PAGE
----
This was an ugly game that was part expected and part disappointed. On the one hand, the pitching matchup always looked like a loss, and that was before Hector Velazquez was scratched. Noah Syndergaard vs. William Cuevas seemed like a cruel joke. However, for as good as Syndergaard is — and he’s fantastic — it was still disappointing to see the Red Sox offense struggle so much. In the grand scheme of things, this loss didn’t have a huge impact. But it still wasn’t fun to watch, and the offense needs to be better.
When Hector Velazquez was scratched from Friday’s start due to an illness, the Red Sox had to scramble and it seemed like they were sort of punting this game, at least from a pitching perspective. It was understandable. There’s no use in overworking important pitchers at this point in the year. So, they gave William Cuevas the ball to start and quickly moved through some other low-level pitchers. Not a blast to watch, but that’s how it goes sometimes in September.
However, on the other side the Red Sox lineup was looking to answer some questions. Obviously, they’ve been great all year and they’ve been able to come through with some big-time rallies later in the year, but they have also been prone to slow starts of late. It’s getting a big frustrating, and going up against a pitcher like Syndergaard — the type of pitcher they’ll be seeing more of in October — it was a good test for a lineup that was mostly what you can expect from the team in the postseason.
Well, the results weren’t super encouraging. Syndergaard is, of course, a great pitcher who can make many lineups look bad, but again these are the kind of pitchers the Red Sox are going to face next month. All he did early on was retire the first six batters he faced.
In the third, the Red Sox did start to get a little going, and at the very least avoided the perfect game. Ian Kinsler began that inning by smacking a single through the left side, and he immediately got in Syndergaard’s head. He quickly stole second base, and during a Jackie Bradley Jr. walk umps missed a clear balk as Syndergaard tried to keep Kinsler close at second. Still, Boston had their first two runners on in the inning and it looked like they could get some runs on the board. Instead, Blake Swihart struck out, Mookie Betts flew out and, after Kinsler and Bradley moved to scoring position on a double steal, Andrew Benintendi grounded out to end the inning.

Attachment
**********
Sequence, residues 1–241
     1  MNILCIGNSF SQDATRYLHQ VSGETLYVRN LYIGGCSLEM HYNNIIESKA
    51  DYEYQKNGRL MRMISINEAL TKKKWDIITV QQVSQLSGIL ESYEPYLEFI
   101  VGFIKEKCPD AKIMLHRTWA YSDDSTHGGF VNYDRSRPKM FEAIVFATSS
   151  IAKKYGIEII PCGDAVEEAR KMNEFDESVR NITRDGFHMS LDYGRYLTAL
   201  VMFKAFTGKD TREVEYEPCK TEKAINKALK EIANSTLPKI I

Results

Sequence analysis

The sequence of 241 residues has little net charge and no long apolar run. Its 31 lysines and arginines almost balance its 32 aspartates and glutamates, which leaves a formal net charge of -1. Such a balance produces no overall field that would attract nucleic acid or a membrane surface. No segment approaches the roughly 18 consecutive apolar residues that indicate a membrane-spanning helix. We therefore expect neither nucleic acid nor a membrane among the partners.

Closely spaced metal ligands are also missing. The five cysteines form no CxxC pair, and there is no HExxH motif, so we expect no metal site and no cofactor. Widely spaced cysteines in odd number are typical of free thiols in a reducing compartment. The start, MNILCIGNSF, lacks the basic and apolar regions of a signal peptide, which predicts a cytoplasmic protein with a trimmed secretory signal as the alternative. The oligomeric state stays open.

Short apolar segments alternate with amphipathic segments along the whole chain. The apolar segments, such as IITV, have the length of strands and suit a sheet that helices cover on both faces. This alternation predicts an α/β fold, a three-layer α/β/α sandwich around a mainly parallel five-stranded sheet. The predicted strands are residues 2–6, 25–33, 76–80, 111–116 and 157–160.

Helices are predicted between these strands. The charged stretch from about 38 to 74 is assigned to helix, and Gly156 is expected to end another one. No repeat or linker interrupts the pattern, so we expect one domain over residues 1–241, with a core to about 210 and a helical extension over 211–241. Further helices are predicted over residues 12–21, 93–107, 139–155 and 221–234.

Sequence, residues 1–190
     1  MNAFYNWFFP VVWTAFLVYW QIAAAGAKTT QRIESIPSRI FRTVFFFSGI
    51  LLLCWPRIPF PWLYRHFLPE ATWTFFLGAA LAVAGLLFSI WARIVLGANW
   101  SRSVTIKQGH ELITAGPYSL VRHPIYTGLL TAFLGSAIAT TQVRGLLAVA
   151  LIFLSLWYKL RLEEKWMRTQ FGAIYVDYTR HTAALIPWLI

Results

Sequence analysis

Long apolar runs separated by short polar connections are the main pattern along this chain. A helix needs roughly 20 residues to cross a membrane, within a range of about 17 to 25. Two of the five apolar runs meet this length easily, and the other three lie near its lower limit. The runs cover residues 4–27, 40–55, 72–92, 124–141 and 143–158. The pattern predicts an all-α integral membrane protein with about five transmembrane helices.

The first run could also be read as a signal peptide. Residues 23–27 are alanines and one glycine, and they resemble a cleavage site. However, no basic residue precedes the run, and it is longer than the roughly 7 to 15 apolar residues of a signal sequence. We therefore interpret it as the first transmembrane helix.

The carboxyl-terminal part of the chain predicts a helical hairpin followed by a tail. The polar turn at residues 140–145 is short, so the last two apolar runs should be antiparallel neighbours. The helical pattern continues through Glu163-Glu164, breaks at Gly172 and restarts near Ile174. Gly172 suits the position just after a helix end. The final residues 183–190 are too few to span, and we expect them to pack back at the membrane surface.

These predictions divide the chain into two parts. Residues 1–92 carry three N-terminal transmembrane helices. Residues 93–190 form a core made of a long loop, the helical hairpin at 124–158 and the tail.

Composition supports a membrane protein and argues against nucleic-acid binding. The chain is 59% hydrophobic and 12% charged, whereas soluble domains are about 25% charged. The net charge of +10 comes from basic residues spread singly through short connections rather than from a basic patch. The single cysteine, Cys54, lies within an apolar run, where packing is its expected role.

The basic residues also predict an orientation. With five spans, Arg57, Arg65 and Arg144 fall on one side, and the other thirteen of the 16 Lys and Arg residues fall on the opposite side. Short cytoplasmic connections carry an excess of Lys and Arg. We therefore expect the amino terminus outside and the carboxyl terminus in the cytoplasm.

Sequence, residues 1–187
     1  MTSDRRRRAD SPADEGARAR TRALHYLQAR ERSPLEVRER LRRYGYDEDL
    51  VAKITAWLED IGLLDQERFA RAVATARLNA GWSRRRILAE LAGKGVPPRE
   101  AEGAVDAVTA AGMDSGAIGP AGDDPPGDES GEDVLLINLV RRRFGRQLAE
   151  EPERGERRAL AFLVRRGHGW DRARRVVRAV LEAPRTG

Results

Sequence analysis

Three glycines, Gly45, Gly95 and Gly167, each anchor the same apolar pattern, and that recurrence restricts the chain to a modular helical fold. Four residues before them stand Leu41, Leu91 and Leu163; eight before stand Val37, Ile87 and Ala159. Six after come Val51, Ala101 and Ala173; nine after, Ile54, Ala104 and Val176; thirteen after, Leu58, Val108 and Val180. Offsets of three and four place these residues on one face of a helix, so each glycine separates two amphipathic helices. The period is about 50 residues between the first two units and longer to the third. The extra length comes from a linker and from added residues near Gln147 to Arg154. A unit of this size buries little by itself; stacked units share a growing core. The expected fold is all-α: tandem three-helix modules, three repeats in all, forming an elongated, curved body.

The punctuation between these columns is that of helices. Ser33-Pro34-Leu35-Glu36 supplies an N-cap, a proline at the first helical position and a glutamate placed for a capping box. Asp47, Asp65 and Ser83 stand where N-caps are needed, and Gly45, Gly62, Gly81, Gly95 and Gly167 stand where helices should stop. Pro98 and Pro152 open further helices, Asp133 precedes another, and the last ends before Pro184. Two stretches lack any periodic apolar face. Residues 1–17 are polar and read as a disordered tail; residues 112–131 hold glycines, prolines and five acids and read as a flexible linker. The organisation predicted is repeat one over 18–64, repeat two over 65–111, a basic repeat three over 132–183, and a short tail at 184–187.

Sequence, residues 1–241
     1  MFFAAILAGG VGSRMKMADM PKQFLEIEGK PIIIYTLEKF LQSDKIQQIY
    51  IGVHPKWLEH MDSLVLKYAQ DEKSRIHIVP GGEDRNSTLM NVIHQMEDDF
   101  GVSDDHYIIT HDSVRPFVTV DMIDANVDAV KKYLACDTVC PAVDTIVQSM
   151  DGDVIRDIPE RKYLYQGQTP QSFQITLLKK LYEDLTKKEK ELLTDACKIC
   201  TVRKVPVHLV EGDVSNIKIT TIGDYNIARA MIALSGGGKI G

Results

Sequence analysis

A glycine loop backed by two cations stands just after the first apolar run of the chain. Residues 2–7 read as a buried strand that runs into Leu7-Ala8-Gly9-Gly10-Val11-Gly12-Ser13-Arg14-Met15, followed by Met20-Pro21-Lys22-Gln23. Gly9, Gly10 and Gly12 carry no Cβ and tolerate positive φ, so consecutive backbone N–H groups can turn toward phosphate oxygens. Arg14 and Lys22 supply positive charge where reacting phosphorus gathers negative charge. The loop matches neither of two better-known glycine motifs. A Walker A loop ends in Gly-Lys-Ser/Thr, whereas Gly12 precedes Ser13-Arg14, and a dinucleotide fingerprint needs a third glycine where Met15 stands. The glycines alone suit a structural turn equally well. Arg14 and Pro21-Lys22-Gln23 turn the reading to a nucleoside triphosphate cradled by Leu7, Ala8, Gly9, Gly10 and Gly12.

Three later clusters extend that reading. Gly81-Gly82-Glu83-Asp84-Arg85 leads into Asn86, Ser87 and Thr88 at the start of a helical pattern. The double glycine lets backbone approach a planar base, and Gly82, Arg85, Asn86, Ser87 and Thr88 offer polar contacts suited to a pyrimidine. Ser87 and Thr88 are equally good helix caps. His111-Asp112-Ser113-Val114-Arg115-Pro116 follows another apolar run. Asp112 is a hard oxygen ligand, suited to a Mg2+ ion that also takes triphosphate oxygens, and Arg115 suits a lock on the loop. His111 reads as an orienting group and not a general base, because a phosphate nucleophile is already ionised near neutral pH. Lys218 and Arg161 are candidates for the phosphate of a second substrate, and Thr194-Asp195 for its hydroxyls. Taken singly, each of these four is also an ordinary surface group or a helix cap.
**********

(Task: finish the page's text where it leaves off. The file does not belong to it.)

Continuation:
They couldn’t do much after that, either. They got a one-out single in the fourth, but nothing more, and in the fifth and sixth they couldn’t do anything with a pair of two-out walks. In Syndergaard’s seventh and final inning, he allowed one more single but only faced three batters thanks to a pickoff of Kinsler.
Things didn’t go much better against the bullpen. Boston would get just a single in the eighth, then go down 1-2-3 in the ninth. Yikes.
On the other side, well, like I said, the Red Sox weren’t really competitive. Cuevas got the start, and he looked alright but did get himself into trouble. After a couple of quick outs to start the game (though one was hit pretty well) Michael Conforto and Jay Bruce came through with back-to-back doubles, and the Mets had a 1-0 lead in the first inning. Cuevas allowed a walk after that but escaped with the one-run deficit.
The righty came back in the second looking much sharper and he struck out the side in impressive fashion. That earned him a third inning of work, but he allowed a baserunner on an infield single to begin that inning and Alex Cora opted to make a change. It was a strange decision, but the Mets had a bunch of lefties coming up so they looked to Robby Scott. It....wasn’t the right call.
The southpaw got roughed up, to put it lightly. After getting a quick first out, he hit Conforto to bring Bruce up to the plate with one out and two on. The veteran got a two-seam fastball down and in and he knows what to do with those, putting it just over the wall in right field for a three-run shot, and in the blink of an eye the Mets lead was extended to four. After the homer, Scott wasted no time loading the bases up on a walk, another hit batter and another four-pitch walk, and finally Cora had seen enough. Scott walked two, hit two and allowed one homer while recording one out. Not what you want!
Brian Johnson came in to try and slow things down, and he looked pretty good out there. The long man is one of many fighting for one of those final spots in the playoff bullpen, and he did himself a favor in this one. I’d guess he’s still on the outside looking in, but a couple more like this could sway things. He came into the bases loaded situation and got a double play to squash that immediately. Johnson did make a mistake in the fourth when he allowed a home run to Jeff McNeil, but overall he allowed just the one run on the solo homer over 4 2⁄3 innings.
Tyler Thornburg came on for the eighth, and he was awful. The righty had likely already pitched his way off the roster for October, but if he hadn’t this sealed it. He recorded just one out while allowing three runs on a pair of homers. It was ugly, and it put the game well out of reach at 8-0. Drew Pomeranz came on and finished things off in the eighth and came back out for a scoreless ninth.
So, the Red Sox watched their four-game win streak snapped, and they’ll try to start a new streak on Saturday. The Mets still have yet to name a starter for this game, while the Red Sox will send out Rick Porcello. First pitch is at 4:05 PM ET.